In most circumstances, he said grain could be safely held for a few weeks at 14-16 per cent moisture content with small aeration cooling fans running continuously, delivering airflows of at least 2-4 litres per second per tonne.

“If growers decide to hold high moisture content sorghum in silos until they can put it through a grain dryer, then aeration fans need to be used to keep the grain from getting hot and prevent mould and bin-burnt grain damage,” Mr Burrill said.

“It is critical growers do daily checks on silo fan operations, grain temperature and smell.”

While it is possible to hold high moisture grain for short times with aeration fans, the ultimate aim is to reduce the moisture content of the grain with either a grain dryer or using aeration drying in silos.

“If choosing to use aeration drying in silos, growers will need large output fans, providing total air flows of 15-25 L/s/t. Remember, by only half or two thirds filling a silo it increases the airflow rates in terms of L/s/t,” Mr Burrill said.

“For drying, these large output fans are typically run for long run times of 18-22 hours per day for nine or more days, depending on ambient conditions.”

However, in some situations adding additional heat (4-6˚C) to this high airflow is worthwhile as it reduces ambient air humidity. For more information see GRDC’s reference note How aeration works.

In summary, the options for high moisture content sorghum are: grain dryer (batch or continuous flow); aeration drying in silos with high output fans (15-25 L/s/t); or for many growers, holding it in silos for a few weeks using the small aeration cooling fans (2-4L/s/t) prior to organising grain drying or blending.

Five tips for storing high moisture content sorghum:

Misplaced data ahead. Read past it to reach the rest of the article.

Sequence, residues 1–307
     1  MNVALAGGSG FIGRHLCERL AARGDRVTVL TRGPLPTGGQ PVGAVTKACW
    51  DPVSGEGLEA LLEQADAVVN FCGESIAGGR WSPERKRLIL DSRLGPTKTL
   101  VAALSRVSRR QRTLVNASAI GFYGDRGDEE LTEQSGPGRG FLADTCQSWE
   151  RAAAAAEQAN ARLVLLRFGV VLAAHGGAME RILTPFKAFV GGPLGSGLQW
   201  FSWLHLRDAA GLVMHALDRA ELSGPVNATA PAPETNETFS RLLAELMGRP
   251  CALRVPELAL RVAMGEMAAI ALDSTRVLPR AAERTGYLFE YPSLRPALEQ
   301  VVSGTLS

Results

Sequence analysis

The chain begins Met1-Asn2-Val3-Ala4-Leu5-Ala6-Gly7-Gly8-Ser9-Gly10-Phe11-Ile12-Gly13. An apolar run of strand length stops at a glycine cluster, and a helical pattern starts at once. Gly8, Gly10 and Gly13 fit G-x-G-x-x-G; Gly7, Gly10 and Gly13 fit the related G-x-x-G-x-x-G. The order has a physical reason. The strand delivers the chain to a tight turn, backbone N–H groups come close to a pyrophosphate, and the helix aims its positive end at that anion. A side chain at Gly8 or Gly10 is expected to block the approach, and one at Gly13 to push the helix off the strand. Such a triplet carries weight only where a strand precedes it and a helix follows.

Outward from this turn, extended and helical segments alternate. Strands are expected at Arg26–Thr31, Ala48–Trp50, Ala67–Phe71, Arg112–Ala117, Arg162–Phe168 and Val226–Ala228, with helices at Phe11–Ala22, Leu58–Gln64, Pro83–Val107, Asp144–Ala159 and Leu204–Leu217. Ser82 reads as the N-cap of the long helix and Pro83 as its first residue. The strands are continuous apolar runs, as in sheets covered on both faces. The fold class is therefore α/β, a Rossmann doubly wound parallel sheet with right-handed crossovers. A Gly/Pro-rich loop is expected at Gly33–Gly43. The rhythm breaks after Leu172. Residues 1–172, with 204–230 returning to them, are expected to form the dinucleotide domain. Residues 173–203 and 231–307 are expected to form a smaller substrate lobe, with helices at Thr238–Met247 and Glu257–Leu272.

• Run aeration fans continuously (24/7) after the first truck load goes into the silo. If possible, use silos with at least two aeration fans to assist with good air distribution through wet grain and trash. Clean the impeller on older aeration fans, as accumulated dust will reduce airflow outputs. Ensure silo roof vents/top silo lid is open for good ventilation.
  • High moisture sorghum (14-16 per cent) can be held safely for a few weeks with small aerators, provided fans are left running so grain does not get hot. Only turn small fans off briefly when outside air relative humidity remains above 85 per cent for more than 3-4 hours. With fog or mist, fans should be off.
  • A good quality ‘automatic aeration fan controller’ significantly improves reliability, safety and the final results when managing high moisture grain.
  • Have a grain temperature probe (Graintec Scientific - Toowoomba) to check the temperature of high moisture content sorghum in storage at least twice a day. Keep grain well below 35˚C. Augering the grain out of a silo into a truck – ‘turning the grain’ – will help manage wet/warm grain in storage.
  • Use a good quality grain moisture meter that has been serviced and checked regularly.
  • Aim to dry or blend sorghum down to less than 13.5 per cent moisture content within 3-5 weeks after harvest.

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Contact details

Contact

Toni Somes, GRDC Communications Manager – North
0436 622 645
toni.somes@grdc.com.au

GRDC Project code: PRB00001